Evidence type: Insight i
Qualitative research is more exploratory, and uses a range of methods like interviews, focus groups and observation to gain a deeper understanding about specific issues - such as people’s experiences, behaviours and attitudes.
Quantitative research uses statistical or numerical analysis of survey data to answer questions about how much, how many, how often or to what extent particular characteristics are seen in a population. It is often used to look at changes over time and can identify relationships between characteristics like people’s attitudes and behaviours.
In recent years there have been increased concerns about individual borrowers falling into financial distress, against a backdrop of rising household leverage during a period of falling interest rates. The Financial Conduct Authority’s (FCA’s) 2017 Financial Lives Survey showed that 15% of UK adults had recently missed or were struggling to make domestic bill and credit repayments. While numerous studies have investigated both how the composition of consumer debt varies across individuals and the experiences of those in financial distress, limitations associated with the survey datasets used have made it hard to fully explore the granularity of these patterns.
This 2020 report from the Financial Conduct Authority uses a rich and detailed administrative dataset which contains the credit files of a large and representative sample of UK borrowers to fully investigate the composition of consumer debt.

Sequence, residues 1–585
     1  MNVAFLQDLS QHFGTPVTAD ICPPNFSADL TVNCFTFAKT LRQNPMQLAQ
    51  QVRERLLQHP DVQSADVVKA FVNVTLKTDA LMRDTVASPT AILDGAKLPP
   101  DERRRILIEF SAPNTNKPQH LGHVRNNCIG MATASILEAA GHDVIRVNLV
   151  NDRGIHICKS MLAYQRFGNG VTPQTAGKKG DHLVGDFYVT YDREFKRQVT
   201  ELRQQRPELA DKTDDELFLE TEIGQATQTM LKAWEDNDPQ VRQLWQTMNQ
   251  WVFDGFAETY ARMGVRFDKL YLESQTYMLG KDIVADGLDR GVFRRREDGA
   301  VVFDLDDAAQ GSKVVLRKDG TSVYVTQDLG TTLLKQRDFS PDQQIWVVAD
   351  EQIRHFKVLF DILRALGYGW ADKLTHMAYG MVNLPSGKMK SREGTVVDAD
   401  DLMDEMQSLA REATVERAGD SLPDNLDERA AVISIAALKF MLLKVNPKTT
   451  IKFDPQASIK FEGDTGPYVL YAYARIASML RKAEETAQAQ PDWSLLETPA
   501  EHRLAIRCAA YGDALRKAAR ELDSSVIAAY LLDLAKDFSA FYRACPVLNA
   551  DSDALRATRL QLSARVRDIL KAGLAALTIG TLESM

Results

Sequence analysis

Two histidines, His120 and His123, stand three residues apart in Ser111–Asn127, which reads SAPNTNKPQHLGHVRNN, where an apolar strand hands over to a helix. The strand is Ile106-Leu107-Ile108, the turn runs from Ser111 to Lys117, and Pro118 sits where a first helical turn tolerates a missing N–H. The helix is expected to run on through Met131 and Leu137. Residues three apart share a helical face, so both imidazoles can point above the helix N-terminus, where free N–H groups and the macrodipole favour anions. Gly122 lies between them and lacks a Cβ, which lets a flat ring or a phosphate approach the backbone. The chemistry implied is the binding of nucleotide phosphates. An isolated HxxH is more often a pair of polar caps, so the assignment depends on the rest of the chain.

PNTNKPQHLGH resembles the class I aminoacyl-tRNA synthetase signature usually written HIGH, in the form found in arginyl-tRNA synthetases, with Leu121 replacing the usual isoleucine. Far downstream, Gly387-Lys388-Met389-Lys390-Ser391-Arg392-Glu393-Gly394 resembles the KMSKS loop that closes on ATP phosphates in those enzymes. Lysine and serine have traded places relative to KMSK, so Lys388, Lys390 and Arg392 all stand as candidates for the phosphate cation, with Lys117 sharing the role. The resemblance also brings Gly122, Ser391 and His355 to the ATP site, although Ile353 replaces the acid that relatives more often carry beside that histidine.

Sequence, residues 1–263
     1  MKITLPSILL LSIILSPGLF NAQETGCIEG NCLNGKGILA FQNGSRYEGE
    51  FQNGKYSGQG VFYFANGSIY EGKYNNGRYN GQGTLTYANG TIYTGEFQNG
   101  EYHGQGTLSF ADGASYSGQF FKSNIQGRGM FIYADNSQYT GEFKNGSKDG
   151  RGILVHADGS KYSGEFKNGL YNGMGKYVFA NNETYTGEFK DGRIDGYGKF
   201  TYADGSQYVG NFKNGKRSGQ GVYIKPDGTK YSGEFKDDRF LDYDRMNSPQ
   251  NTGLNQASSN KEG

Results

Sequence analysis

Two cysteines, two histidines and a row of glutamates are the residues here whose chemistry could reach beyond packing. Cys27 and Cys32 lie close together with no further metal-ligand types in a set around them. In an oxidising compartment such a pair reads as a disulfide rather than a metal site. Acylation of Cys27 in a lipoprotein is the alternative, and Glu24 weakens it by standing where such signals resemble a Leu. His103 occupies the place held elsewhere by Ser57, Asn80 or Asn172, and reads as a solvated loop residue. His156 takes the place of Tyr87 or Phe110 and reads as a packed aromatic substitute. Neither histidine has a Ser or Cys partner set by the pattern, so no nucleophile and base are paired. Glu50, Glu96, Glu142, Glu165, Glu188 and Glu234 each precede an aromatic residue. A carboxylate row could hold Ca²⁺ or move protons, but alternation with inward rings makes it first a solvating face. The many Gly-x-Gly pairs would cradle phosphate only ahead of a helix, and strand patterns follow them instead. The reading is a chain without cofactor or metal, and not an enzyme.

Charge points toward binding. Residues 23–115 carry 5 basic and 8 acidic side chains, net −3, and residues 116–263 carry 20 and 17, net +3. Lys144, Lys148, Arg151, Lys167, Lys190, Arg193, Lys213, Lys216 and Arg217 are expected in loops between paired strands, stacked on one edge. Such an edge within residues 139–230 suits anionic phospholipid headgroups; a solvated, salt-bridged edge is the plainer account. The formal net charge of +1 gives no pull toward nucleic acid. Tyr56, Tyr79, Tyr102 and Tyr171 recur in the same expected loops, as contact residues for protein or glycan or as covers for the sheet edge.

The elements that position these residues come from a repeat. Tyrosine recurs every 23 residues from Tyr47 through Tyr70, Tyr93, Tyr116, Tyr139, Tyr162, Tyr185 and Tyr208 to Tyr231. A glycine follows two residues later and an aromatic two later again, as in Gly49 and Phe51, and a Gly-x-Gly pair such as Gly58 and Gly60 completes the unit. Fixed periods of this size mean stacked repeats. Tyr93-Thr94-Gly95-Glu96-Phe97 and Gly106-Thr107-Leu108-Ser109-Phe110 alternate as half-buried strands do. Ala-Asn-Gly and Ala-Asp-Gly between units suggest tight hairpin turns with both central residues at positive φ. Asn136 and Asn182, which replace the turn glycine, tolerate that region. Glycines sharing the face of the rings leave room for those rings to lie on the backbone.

The panel dataset that is used is based on 1% of individuals with a credit file at a UK Credit Reference Agency (CRA) between January 2015 - February 2018. CRA data covers the vast majority of credit users, as well as most consumers that have a current account or a contract with a utilities or telecommunications provider. The data included detailed monthly information about peoples’ credit portfolios, including types of debt, outstanding balances and details of any arrears, as well as balances and turnover. After excluding certain individuals from the dataset (for example, those who were debt-free or who were not responsible for the bills), a final sample of 428,097 individuals is included in the analysis.
A statistical technique known as cluster analysis is used to divide credit users into distinct groups based on observed characteristics and debt usage. The following variables are used to define the clusters:
The cluster analysis identifies four data-driven subgroups of borrowers:
For the purpose of the analysis, financial distress is defined as at least one of the following happening in a given month: